Toxic love triangle, or “Challengers”

Luca Guadagnino is an incredibly versatile director. He has made romantic dramas, psychological horrors and even crime thrillers. And so, it should come as no surprise that his latest film, “Challengers”, is a genre mixture like no other: a bit of sports drama, a bit of psychological thriller and a bit of romance (though this last keyword should probably be put in inverted commas). The film, made from a screenplay by Justin Kuritzkes, has practically everything to endear a big audience group. Unfortunately, I am not a part of this group.

Art Donaldson is a successful tennis player at the top of his career. When pressure appears and affects his sports results, Tashi Duncan — Art’s wife, ambitious coach and former tennis player, who had to end her once brilliant career early due to an injury — decides to help him come back to form. She enlists Art in a challenger tournament to boost his confidence. It turns out, however, that Art’s former friend Patrick Zweig also participates in the game. When the two meet at the court, memories of their stormy past return, making the duel even more emotionally charged.

In theory, it’s a great idea for a story where sport is just a pretext to show a complex, multidimensional relationship between three people. In reality, though, the film is about people who are extremely toxic and unlikeable. Sure, it could work as a character study where the appetite for victory ruins one’s private life. Especially, with such classic themes as projecting unrealised ambition onto another person, undermining one another, using other person’s misfortune for one’s good, intrigues, plots, and the like. But, in “Challengers”, all of this is unbelievably shallow, and the characters seem emotionally stuck in one place throughout the film. Even the ending, which was supposed to serve as a big punchline for the annoying love triangle, comes down to the director screaming at your face and telling you things you had already noticed.


The uneven direction makes the film even worse. Tennis — a dull sport as far as I’m concerned (sorry to all the fans) — gains nothing in dynamics through Guadagnino’s lens. And that’s despite the filmmaking ideas being diverse and fascinating. Possibly, the Italian director couldn’t see the appeal of the sports either — this would explain the constant perspective shifts and a full array of cinematographic and editorial tricks. They’re just too much at some point, and the impression is strengthened by the intrusive score by Trent Reznor and Atticus Ross — definitely too loud and poorly matched to picture.

Some directorial shortcomings are also visible in the editing. There are a few scenes where it’s easy to become disoriented due to excessively radical perspective shifts. Granted, this is rather rare but still noticeable. On the other hand, flashbacks were aptly interweaved with the main story. Even though the scenes are not put in chronological order, it’s effortless to follow them.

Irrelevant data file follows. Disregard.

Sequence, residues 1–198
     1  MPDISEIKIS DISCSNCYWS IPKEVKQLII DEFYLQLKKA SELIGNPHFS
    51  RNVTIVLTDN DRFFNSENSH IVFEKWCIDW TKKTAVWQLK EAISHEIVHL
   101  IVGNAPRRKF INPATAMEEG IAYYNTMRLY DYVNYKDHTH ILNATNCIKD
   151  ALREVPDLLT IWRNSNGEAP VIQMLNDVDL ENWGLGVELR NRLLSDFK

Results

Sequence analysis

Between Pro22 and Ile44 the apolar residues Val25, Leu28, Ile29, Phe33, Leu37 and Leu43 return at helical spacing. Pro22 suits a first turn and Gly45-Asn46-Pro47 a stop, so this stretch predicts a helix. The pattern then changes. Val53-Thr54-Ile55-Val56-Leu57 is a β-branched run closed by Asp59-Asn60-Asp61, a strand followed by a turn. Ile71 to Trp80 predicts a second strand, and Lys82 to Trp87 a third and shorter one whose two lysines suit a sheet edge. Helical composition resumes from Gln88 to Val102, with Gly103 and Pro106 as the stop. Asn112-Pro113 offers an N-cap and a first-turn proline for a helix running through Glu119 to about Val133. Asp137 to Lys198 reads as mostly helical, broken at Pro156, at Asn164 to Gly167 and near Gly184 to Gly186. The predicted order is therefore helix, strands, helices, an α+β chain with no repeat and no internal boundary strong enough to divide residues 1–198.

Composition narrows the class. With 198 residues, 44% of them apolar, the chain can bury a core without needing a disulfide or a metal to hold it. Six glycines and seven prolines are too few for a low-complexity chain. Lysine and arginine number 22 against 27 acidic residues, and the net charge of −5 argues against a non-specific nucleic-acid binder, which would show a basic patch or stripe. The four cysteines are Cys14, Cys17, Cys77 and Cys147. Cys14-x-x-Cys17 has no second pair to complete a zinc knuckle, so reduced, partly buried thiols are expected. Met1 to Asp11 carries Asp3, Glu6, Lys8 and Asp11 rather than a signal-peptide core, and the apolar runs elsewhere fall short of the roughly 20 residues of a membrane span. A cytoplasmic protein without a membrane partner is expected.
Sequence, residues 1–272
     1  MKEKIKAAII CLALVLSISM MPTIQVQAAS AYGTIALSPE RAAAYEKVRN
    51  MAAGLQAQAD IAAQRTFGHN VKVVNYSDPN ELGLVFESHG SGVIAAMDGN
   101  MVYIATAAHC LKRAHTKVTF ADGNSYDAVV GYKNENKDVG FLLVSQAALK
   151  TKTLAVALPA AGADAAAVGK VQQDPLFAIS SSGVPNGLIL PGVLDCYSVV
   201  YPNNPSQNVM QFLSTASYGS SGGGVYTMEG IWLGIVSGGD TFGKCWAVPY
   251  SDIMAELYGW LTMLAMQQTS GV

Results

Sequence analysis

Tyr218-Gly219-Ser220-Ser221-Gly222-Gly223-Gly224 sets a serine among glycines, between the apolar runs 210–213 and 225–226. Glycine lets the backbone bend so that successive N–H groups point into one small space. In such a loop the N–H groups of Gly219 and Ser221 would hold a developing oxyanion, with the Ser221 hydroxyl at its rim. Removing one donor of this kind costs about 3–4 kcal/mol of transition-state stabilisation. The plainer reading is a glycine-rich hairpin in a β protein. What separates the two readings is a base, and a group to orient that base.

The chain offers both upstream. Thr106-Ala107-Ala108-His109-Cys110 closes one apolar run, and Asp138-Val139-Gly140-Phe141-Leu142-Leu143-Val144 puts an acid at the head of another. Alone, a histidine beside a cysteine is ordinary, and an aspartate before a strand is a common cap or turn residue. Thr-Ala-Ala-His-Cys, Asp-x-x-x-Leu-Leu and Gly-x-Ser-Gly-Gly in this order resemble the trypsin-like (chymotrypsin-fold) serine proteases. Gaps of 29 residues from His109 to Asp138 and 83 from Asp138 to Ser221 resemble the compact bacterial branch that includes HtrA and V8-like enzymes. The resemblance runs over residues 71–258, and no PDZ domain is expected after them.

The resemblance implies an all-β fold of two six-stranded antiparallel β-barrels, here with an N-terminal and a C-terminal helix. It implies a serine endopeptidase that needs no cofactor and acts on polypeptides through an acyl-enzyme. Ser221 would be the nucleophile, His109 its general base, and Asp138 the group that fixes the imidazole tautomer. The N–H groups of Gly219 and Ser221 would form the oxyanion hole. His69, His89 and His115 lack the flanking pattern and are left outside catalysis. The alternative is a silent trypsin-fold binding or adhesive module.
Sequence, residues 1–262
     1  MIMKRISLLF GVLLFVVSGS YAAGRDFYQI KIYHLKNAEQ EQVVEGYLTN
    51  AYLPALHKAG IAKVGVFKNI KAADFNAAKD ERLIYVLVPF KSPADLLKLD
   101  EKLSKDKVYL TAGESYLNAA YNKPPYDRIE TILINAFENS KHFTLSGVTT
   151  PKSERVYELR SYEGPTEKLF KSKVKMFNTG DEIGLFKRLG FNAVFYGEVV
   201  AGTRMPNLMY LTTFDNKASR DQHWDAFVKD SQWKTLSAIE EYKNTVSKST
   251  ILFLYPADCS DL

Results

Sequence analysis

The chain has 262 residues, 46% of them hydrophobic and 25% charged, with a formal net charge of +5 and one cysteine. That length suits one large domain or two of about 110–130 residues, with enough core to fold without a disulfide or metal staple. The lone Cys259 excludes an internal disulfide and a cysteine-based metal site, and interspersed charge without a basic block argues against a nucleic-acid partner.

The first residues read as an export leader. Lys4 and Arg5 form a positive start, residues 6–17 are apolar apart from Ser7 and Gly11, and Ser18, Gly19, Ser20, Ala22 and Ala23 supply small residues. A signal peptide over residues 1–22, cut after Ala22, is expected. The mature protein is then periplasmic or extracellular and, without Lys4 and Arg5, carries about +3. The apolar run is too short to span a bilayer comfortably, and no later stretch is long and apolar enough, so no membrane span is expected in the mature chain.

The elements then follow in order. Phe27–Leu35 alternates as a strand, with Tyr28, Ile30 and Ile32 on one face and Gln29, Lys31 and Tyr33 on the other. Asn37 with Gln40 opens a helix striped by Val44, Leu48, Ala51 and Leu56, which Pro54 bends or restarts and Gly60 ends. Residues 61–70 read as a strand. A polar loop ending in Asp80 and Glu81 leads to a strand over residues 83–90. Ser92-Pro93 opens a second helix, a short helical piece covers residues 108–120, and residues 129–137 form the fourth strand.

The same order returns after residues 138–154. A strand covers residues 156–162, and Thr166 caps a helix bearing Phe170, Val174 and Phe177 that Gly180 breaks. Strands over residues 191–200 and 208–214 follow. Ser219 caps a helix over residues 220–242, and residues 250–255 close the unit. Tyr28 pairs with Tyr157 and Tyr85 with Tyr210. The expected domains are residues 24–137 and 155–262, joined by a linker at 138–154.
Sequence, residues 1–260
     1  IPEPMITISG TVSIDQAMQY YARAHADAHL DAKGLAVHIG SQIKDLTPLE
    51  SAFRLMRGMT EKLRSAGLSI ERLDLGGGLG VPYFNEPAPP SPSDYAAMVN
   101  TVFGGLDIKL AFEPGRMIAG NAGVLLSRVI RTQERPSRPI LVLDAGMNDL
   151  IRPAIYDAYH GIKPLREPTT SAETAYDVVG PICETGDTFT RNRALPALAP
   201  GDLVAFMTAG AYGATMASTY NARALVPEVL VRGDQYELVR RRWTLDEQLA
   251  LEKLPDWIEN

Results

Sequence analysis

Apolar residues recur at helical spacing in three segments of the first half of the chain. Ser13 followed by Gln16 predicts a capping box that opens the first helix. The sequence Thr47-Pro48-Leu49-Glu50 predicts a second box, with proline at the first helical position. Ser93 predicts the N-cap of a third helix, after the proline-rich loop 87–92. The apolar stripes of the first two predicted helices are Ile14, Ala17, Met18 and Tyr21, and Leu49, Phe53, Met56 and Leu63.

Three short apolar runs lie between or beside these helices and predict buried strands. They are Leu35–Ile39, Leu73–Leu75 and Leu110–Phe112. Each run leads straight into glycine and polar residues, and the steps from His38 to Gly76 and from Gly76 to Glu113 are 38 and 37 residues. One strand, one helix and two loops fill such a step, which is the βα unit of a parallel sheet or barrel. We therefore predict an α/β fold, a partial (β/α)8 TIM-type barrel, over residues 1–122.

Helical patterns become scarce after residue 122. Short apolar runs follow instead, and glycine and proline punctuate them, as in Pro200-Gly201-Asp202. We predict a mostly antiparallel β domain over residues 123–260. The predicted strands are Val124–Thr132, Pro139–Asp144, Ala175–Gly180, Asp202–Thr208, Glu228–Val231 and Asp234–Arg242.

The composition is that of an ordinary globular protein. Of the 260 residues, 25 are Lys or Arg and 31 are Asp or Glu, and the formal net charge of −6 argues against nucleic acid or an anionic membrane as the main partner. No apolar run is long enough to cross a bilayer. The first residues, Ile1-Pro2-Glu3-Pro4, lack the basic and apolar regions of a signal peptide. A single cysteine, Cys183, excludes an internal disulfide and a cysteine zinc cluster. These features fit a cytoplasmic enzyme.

The direction also fails when it comes to maintaining tension and it’s evident towards the end of the film. One of the characters is about to do something that changes the whole dynamics of the tennis match. The audience is on the edge of their seats. But, after some time, instead of thinking “Will he or won’t he? What happens if he will?”, the viewers become impatient. And that’s because Guadagnino unnecessarily drags the scene. And so the audience loses its interest. Again, too much of everything.

Fortunately, acting-wise, the film is outstanding. Zendaya as the overambitious Tashi, whose life revolves around tennis, is fantastic. Both as her teenage version, when all she cares about is her career; and her adult version, when she tries to maintain his husband’s career at all costs. Zendaya uses tiny details to make her portrayal more nuanced: facial expressions, gestures, voice modulation… And although her Tashi is enigmatic, the actress can believably uncover her true emotions in key moments.

Josh O’Connor (whom I sometimes totally confuse with James Norton and Callum Turner 😅), uses his unusual physiognomy in the role of Patrick. Every so often, it’s enough for him to slightly narrow his eyes and smile in his signature, roguish way to convey the core traits of his character and… it works surprisingly well. Of course, he reaches for more acting tools, such as a distinct, arrogant way of articulating words. It all makes up an interesting and magnetising portrayal.

Although Mike Faist is probably the least known of the film’s stars, he has made the biggest impression on me. His Art is not as colourful as the two other characters. However, Faist manages to find intriguing elements of this normalcy and brings them out emotionally. In my opinion, his Art is the most complex and ambivalent character in the film, and Faist deserves a lot of credit for that. I will certainly watch the actor’s further career very closely.

So if you’re going in for the actors, you won’t be disappointed. But I can’t recommend the rest. Because if you want to watch a love triangle film, you’ll be better off choosing “Past Lives”. If you prefer a study of someone who projects their unfulfilled ambitions onto a person close to them, go for Polish “Coach’s Daughter”. And if you’d like to feel some real tennis emotions and see how one should film this sport, watch the brilliant “Borg vs McEnroe”.

Related Posts